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Of Pemmican and Polariscopes: the 1860 Eclipse Expeditions

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This post was written by Josh Levy, Historian of Science and Technology in the Library’s Manuscript Division.

When is pemmican like a polariscope? When is a chronometer like a canoe?

Maybe not too often. But in the summer of 1860, they all became essential technologies in an epic, months-long quest to observe a total solar eclipse at a location nearly 550 miles northwest of Winnipeg, along the Saskatchewan River.

In the 1860s, big changes were on the way for astronomy. Like other scientific fields, astronomy was rapidly professionalizing. On the way out were scientific institutions started as private social clubs, and the idea that the excited discussions women and men had shared in parlors counted as “real” science. On the way in were institutions and laboratories, sponsored by governments and universities, and staffed by salaried scientists. Observatories were perhaps America’s premier scientific institutions, but their eclipse expeditions still felt informal, relying on observations taken with small borrowed instruments. Methods like spectroscopy and eclipse photography were in their infancy.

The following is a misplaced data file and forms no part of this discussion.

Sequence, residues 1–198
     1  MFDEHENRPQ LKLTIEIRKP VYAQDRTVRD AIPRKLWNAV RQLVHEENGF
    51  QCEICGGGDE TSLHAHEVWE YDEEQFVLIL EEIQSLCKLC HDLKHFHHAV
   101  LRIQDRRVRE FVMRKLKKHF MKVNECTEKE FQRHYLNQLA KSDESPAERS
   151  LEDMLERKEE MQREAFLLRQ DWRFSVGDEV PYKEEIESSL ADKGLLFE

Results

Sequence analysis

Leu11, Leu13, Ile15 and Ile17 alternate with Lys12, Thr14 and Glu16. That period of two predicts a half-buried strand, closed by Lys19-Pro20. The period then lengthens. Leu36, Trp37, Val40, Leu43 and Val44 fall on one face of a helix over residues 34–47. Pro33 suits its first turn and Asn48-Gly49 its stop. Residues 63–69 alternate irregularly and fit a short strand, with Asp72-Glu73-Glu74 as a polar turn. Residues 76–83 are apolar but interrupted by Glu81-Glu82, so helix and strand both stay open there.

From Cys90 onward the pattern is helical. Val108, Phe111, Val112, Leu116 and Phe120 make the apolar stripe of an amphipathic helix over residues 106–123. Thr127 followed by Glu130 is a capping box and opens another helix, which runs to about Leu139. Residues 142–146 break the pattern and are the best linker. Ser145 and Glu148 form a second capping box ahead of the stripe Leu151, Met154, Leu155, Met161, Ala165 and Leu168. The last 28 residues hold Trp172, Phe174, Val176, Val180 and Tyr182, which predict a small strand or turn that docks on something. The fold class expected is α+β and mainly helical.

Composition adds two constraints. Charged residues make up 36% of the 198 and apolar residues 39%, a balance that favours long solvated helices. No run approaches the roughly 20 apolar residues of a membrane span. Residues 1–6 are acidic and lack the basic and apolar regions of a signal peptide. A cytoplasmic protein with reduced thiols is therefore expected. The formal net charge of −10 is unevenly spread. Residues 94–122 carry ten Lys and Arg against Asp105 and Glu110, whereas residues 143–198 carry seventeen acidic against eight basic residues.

But midcentury astronomers did have enthusiasm. They had become fascinated with solar prominences, bright arcs of gas that erupt from the sun’s surface, and with a striking diamond ring-like effect known as Bailey’s Beads. The totality of a solar eclipse offered a rare opportunity to see them both.

Image from Harper's Weekly illustrating the path of the 1860 eclipse.
The 1860 eclipse, as printed in Harper’s Weekly. Harper’s informed its readers that the moon’s shadow during the eclipse would travel across the earth at “four times the velocity of a cannon-ball.”

A total solar eclipse hadn’t been observable from the continental United States since 1806. In fact, the eclipse of July 18, 1860, barely qualified. With a track passing over the northwest corner of the Washington Territory at dawn, the totality moved through the center of “British America” and then left the continent over the northeastern tip of the Labrador Peninsula in the early afternoon. Crossing the Atlantic, it then passed fifty miles northeast of Valencia and moved on to Egypt. Observations were planned all along the route. The Americans didn’t want to be left out.